As law enforcement officers, Frank Sisto and Ken Rodriguez serve as members of St. Lucie Public Schools Safety and Security Team. However, on September 11, 2001, they were members of a different team — the New York Police Department. Both gentlemen were first responders involved in rescue and recovery efforts, putting others before self as they answered the call.
“This day will forever live in my heart as the day some sacrificed all to serve and protect the great citizens of New York City. We must never forget the innocent victims and the selfless acts of true heroism! I will always cherish being part of a group of first responders who gave all they could on that horrific day.”
— Ken Rodriguez
PHOTO CONTRIBUTED BY KEN RODRIGUEZ
Frank Sisto shared an article with us that he wrote for TCPalm several years ago on the 10th anniversary of this tragic event.
Port St. Lucie man helped identify 9/11 victims
On Sept. 11, 2001, I was a sergeant in the New York Police Department. I was the supervisor of an auto larceny unit based in Brooklyn.
When the first plane struck the World Trade Center, I was enjoying breakfast with some former co-workers. I immediately drove home to retrieve my gear and rush to the scene.
The streets of New York were a surreal sight out of some apocalyptic movie. As I loaded my gear into my car and cleared the ash and debris from my car windows, I looked out across the East River at the burning hole in the north tower.
When I arrived at my base, my unit was placed on standby awaiting further attacks. Policeman are strange individuals, we run towards danger instead of away from it. We always choose the fight response instead of the flight response, so watching the tragedy unfold on television as our city turned into a war zone was utterly frustrating.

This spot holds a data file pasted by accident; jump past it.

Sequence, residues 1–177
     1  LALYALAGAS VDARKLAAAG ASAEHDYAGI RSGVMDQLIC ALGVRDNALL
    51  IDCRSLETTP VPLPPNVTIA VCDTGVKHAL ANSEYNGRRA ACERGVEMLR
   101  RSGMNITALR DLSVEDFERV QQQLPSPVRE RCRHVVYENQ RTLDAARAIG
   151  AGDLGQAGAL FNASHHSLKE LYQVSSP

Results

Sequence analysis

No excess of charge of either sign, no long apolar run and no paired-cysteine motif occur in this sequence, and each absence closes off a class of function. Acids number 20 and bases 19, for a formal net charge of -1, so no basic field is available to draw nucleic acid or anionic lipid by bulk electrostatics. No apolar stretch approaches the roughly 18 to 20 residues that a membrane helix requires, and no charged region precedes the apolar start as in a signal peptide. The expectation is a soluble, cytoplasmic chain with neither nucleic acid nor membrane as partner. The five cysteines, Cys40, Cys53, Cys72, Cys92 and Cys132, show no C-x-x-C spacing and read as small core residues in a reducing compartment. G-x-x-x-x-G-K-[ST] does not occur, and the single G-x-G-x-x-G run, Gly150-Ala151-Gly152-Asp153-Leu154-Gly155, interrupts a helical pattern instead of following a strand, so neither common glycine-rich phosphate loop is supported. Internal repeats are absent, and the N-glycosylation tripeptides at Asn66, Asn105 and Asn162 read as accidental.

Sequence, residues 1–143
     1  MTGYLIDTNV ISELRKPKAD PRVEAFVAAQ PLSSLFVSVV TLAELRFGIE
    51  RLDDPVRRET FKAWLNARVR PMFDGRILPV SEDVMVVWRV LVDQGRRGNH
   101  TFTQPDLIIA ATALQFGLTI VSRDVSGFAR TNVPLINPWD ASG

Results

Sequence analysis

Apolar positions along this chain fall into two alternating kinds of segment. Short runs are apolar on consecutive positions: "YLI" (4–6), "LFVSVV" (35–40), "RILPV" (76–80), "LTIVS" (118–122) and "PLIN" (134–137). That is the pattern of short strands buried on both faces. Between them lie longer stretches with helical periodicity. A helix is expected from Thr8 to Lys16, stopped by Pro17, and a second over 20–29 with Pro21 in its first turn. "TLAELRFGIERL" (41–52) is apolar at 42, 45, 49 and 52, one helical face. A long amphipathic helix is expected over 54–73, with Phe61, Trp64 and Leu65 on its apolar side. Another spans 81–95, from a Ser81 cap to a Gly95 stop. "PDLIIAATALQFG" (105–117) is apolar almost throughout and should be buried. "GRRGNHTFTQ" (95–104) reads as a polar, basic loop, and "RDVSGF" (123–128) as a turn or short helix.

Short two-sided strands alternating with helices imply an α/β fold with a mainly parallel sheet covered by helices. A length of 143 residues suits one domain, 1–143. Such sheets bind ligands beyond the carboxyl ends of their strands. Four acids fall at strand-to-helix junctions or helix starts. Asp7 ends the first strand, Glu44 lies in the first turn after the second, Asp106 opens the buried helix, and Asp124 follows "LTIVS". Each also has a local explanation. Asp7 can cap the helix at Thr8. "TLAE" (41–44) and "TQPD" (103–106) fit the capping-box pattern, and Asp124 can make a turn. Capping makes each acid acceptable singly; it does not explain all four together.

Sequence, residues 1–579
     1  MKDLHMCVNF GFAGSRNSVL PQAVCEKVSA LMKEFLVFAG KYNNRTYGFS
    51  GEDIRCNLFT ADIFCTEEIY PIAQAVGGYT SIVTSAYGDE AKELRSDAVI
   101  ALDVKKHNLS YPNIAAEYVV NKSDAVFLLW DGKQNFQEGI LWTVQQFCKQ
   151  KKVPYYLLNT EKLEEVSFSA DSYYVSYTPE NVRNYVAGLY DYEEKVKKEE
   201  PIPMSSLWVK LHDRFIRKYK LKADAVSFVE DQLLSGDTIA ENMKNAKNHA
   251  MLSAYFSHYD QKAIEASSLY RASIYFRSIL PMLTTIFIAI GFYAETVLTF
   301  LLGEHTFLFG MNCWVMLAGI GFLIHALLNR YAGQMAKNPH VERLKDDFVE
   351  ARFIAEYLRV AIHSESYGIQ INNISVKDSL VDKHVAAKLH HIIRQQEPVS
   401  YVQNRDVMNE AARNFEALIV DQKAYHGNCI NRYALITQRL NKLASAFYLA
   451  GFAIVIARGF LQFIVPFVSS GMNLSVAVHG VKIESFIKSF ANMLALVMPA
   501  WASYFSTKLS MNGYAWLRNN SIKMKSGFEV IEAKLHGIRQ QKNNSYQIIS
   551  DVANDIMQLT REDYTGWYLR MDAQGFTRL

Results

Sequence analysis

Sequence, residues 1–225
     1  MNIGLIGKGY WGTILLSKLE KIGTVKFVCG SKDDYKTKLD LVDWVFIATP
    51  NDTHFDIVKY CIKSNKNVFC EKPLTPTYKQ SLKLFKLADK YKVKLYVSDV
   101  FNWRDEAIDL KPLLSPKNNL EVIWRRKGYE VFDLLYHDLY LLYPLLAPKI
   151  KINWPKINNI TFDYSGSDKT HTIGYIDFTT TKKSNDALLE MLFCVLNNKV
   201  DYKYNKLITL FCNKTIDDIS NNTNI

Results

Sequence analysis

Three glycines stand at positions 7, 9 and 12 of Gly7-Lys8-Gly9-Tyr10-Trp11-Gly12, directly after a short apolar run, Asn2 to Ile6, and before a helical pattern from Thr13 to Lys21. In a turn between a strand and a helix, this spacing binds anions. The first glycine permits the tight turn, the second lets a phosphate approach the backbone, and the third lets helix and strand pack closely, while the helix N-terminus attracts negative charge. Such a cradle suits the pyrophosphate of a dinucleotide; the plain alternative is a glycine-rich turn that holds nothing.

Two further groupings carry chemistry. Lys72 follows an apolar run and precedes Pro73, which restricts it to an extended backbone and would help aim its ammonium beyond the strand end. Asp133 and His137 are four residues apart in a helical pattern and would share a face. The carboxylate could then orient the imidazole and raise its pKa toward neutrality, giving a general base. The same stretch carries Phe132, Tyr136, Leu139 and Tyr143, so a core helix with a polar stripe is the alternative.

We would get our gloves and get into the game in a big way in the days to come.
On Sept. 12, my unit was placed in charge of one of the temporary morgues. We were set up in a high school a few blocks from ground zero. The lobby was transformed into a makeshift morgue.
We were dispatched to “Found Remains” on the northeast side of the site. Lower Manhattan was turned into a World War II movie set. We traveled through the rubble-laden streets on golf carts … to make the recovery and to transport the remains to the temporary morgue where we aided FEMA (the Federal Emergency Management Agency) in a tentative identification process.
Placing the bags from the site onto the tables, we aided the morticians and medical examiners and tried to find identifying marks, tattoos or jewelry on the remains. … Any identification would provide closure to tortured families awaiting word of their loved ones.
Afterward, we loaded this cargo into ambulances for transport to the main temporary morgue. This was an extremely taxing time both physically and mentally, dealing with the gruesome sights and countless hours and days, 17 hour work days and seven-day work weeks.
By the time we got home and washed the day’s cement dust and ash off our bodies it was time to return to work.
This assignment lasted until the end of October. The outpouring of love and kindness from all the people of the country is what kept our spirits up and made our days more bearable.
The events of Sept. 11… took away the sense of security in our lives …. I have had to live with the gruesomeness of this terrorist attack on an almost daily basis.
Another constant reminder of this tragedy is the countless number of sick first responders. Numerous people who served at the various locations (ground zero, Fresh Kills Landfill etc.) have developed unexplained cancers and diseases, and more than 1,000 heroes have passed away in the 10 years since.
Every year I go for my World Trade Center physical wondering: Is this the year that I become a statistic?
PHOTOS CONTRIBUTED BY FRANK SISTO